Marion County Master Gardener and Purdue Extension-Marion County operate this site, where gardeners can ask about plant and landscape problems, houseplants, insects and diseases. Send questions and photos to email@example.com, or call (317) 275-9292.
Garden News Break
Garden News Break has compiled information on hundreds of weeds, including many university sites, with photos. You’ll also find ways to prevent or fight weeds in the landscape.
University of California-Davis
The University of California-Davis has one of the best sites for information about integrated pest management and other environmentally friendly controls of insects, diseases and other pests.
Landscape designer and all-round good-gal Wendy Ford compiles a calendar of garden and nature-related activities and events in Indiana. It is published the first of each month.
Here you’ll find garden checklists for each month along with tips on how to accomplish the tasks.
Dave’s Garden Watchdog has a free directory of more than 7,500 online retailers, including consumer ratings, reviews and ordering tips.
This site offers all the dirt on perennials, including horticulture requirements and companion plantings.
Fake falcon fools the human. Feathered and furry creatures are undeterred. © Jo Ellen Meyers Sharp
My neighbors’ dog goes berserk at the site of squirrels, including the one that lives in a nest in their back yard tree.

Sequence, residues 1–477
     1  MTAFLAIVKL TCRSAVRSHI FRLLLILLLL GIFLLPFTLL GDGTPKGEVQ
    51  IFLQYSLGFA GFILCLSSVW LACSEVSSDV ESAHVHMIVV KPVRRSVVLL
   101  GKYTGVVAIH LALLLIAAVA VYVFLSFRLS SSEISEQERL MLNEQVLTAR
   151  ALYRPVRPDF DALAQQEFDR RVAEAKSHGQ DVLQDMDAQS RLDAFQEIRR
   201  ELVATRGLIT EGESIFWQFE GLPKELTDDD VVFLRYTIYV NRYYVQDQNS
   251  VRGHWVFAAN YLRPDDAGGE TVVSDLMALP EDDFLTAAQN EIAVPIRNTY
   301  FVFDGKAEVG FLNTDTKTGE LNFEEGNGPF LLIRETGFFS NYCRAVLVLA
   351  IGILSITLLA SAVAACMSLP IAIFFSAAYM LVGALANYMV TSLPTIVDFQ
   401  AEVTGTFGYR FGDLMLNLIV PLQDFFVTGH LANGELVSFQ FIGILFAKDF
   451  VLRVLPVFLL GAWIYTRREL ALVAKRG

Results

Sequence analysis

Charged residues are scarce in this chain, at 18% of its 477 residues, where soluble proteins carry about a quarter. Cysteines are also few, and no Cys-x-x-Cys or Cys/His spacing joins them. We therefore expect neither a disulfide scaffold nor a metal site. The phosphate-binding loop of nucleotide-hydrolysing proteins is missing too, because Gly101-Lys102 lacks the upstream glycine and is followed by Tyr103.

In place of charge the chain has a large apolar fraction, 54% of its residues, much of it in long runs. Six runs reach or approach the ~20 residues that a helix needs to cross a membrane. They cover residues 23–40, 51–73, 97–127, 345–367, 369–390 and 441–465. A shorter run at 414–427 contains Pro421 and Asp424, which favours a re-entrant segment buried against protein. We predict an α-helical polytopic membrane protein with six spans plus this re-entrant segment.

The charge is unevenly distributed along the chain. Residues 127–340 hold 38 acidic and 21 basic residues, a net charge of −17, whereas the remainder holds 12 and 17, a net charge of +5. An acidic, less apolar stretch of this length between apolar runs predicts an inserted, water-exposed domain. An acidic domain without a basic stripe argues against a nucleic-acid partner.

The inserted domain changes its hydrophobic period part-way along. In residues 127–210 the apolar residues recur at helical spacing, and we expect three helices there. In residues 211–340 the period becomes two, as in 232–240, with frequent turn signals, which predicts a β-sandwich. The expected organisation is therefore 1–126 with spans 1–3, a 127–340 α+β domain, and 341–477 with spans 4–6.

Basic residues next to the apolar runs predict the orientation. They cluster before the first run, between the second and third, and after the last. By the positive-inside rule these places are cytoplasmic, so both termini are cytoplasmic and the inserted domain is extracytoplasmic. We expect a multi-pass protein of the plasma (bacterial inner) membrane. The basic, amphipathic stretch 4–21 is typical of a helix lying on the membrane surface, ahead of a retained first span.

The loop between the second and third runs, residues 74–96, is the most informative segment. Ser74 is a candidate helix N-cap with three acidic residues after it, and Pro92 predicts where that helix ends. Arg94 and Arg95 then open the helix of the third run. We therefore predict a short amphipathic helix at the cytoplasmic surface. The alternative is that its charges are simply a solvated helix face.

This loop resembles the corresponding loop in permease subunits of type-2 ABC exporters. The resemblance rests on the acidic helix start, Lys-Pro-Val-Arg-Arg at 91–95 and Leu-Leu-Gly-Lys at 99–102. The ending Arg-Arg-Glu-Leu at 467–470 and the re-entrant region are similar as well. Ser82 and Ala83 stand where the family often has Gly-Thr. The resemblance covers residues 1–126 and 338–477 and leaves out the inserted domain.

In the hopes of deterring the squirrels, they mounted a fake peregrine falcon on the fence between our back yards. I noticed the falcon when standing at my kitchen sink. I had seen a peregrine falcon (Falco peregrinus) in my neighborhood before, so I was excited.
I grabbed my camera and started snapping away. As I walked out of the front door to sneak around to the back fence, I mentioned to the neighbor that I thought there was a peregrine on the fence. He laughed and told me it was fake, installed in the hopes of keeping his dog calm.
The peregrine was mounted about 4 feet from the feeders for my birds, so I was worried it would deter their visits. I was pretty sure the fake peregrine would not deter the squirrels, which are very smart, creative creatures that are a No. 1 problem solver when it comes to getting food.
Standing by the kitchen sink about 10 days later, I watched a squirrel gingerly traipse along the top of the fence to within about 2 feet of the fake falcon. It walked up a nearby branch, back down the branch to the fence, scaled the fence to other side of the plastic bird, then on its way.
Fortunately, the birds became accustomed to the fake falcon and back to the feeders and so are the squirrels. I haven’t heard a report on how the dog is doing.
Spring Garden Clinic
The 19th annual Marion County Master Gardener Spring Garden Clinicwill be Saturday, Feb. 9 at St. Luke Methodist Church.
The variegated leaves of Alaska Mix nasturtium not only look good, they taste good, too. So do the flowers. © iStockphoto/J. E. Vader
If you are tired of all-green leaves here are four plants with beautiful variegated foliage that spark up the landscape.